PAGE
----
Coral Morphologic Sees Miami as One Big Reef Above the Surface

This is the fifth in a series of articles profiling the seven finalists for the New Times' Mastermind Awards, which will be presented to four local artists during Artopia at the Freedom Tower February 11.

It all started with a fish tank. Like many boys, Colin Foord had an aquarium his "whole life." But his wasn't just any old fish tank. It had live coral, animals often mistaken for plants that swayed and moved ever so slowly behind glass. It was so impressive it got the New Hampshire native into the University of Miami's marine biology program.

"I wanted to be here in Miami because it's the only city on the mainland with a coral reef," Foord says.

Foord traveled to Australia and the South Pacific, where he made field recordings and snapped pictures underwater. When he returned, he also hooked up with his childhood friend, Jared McKay, and talked him into moving to the Magic City.

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"When I came back, Jared and I brainstormed and saw there was a niche for aquatic-based art, a blending of science and art using multimedia," Foord says.


The two also launched Coral Morphologic, a fledgling business that creates artworks and sells live coral, which Foord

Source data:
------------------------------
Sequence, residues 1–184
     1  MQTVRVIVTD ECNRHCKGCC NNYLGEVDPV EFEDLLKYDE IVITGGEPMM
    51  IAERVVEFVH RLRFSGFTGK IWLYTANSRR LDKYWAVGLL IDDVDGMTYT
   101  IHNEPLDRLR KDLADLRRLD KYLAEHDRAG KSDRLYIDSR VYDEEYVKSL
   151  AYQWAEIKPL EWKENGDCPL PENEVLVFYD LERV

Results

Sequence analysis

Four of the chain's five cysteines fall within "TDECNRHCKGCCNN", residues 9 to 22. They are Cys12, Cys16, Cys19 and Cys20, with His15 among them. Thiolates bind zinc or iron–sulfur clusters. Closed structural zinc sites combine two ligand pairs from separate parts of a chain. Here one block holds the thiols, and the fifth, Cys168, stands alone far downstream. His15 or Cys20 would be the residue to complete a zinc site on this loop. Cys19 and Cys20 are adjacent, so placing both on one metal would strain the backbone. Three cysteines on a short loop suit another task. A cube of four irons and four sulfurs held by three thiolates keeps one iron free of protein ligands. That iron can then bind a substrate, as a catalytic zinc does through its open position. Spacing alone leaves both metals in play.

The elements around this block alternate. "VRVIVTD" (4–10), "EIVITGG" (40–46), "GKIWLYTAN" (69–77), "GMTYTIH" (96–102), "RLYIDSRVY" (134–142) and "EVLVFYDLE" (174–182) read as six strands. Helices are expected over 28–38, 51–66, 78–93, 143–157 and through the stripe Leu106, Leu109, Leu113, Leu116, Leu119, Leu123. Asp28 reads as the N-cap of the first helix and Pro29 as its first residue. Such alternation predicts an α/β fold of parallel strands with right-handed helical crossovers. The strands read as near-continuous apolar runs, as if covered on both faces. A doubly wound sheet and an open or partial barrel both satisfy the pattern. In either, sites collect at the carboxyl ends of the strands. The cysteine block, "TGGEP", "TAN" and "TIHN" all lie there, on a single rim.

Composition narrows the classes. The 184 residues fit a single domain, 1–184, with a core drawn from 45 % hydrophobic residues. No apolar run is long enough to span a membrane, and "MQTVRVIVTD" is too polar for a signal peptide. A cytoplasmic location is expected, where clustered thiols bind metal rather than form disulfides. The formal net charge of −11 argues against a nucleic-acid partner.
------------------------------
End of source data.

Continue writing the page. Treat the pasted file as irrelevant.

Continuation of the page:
carefully harvests in an eco-friendly way and reproduces at home. Unlike

most Miami denizens, coral creatures are asexual. By cutting them,

Foord essentially is cloning "animals that have perpetual life."

But

if the business is thriving, it's the art that seems to be drawing

attention. Coral Morphologic concocts installations that combine sound

and light to transform the minute creatures into abstract works of

surreal art that are also a timely commentary on life in the Magic City.

"In

an urban environment, space is at a premium, and you have a mixture of

different cultures," Foord says. "It's very colorful, it's warm, it's

neon.

"We see the way life moves in this day; it's constantly in

flux. Reality shifts. To be successful, you have to carefully adapt and

evolve to survive."

Just like a coral reef.

To check out Coral Morphologic's work, visit the Morphologic Blog.


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